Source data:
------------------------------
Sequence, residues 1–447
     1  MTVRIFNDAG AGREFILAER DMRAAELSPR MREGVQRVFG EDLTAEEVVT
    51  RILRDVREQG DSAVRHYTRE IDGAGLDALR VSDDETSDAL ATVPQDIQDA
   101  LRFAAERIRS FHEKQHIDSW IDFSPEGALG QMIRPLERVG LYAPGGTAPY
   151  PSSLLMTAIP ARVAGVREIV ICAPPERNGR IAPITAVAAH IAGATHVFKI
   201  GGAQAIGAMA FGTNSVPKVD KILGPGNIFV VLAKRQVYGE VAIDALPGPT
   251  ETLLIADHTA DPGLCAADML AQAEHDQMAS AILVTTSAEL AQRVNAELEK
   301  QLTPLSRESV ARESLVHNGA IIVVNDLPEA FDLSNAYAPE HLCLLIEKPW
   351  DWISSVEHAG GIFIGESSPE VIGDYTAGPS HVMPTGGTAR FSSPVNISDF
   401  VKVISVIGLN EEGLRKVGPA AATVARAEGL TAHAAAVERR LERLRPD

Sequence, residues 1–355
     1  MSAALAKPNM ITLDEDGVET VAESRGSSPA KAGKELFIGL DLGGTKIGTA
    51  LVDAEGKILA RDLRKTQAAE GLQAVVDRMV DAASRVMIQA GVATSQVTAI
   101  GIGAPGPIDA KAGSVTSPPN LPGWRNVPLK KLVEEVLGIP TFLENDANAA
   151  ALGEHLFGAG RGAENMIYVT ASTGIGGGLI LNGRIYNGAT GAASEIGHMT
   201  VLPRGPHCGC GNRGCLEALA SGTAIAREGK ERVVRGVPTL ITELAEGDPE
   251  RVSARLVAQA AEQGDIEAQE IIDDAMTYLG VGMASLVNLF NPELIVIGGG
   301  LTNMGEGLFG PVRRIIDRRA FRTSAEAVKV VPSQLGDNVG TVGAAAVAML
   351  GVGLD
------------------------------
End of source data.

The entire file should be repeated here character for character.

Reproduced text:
Sequence, residues 1–447
     1  MTVRIFNDAG AGREFILAER DMRAAELSPR MREGVQRVFG EDLTAEEVVT
    51  RILRDVREQG DSAVRHYTRE IDGAGLDALR VSDDETSDAL ATVPQDIQDA
   101  LRFAAERIRS FHEKQHIDSW IDFSPEGALG QMIRPLERVG LYAPGGTAPY
   151  PSSLLMTAIP ARVAGVREIV ICAPPERNGR IAPITAVAAH IAGATHVFKI
   201  GGAQAIGAMA FGTNSVPKVD KILGPGNIFV VLAKRQVYGE VAIDALPGPT
   251  ETLLIADHTA DPGLCAADML AQAEHDQMAS AILVTTSAEL AQRVNAELEK
   301  QLTPLSRESV ARESLVHNGA IIVVNDLPEA FDLSNAYAPE HLCLLIEKPW
   351  DWISSVEHAG GIFIGESSPE VIGDYTAGPS HVMPTGGTAR FSSPVNISDF
   401  VKVISVIGLN EEGLRKVGPA AATVARAEGL TAHAAAVERR LERLRPD

Sequence, residues 1–355
     1  MSAALAKPNM ITLDEDGVET VAESRGSSPA KAGKELFIGL DLGGTKIGTA
    51  LVDAEGKILA RDLRKTQAAE GLQAVVDRMV DAASRVMIQA GVATSQVTAI
   101  GIGAPGPIDA KAGSVTSPPN LPGWRNVPLK KLVEEVLGIP TFLENDANAA
   151  ALGEHLFGAG RGAENMIYVT ASTGIGGGLI LNGRIYNGAT GAASEIGHMT
   201  VLPRGPHCGC GNRGCLEALA SGTAIAREGK ERVVRGVPTL ITELAEGDPE
   251  RVSARLVAQA AEQGDIEAQE IIDDAMTYLG VGMASLVNLF NPELIVIGGG
   301  LTNMGEGLFG PVRRIIDRRA FRTSAEAVKV VPSQLGDNVG TVGAAAVAML
   351  GVGLD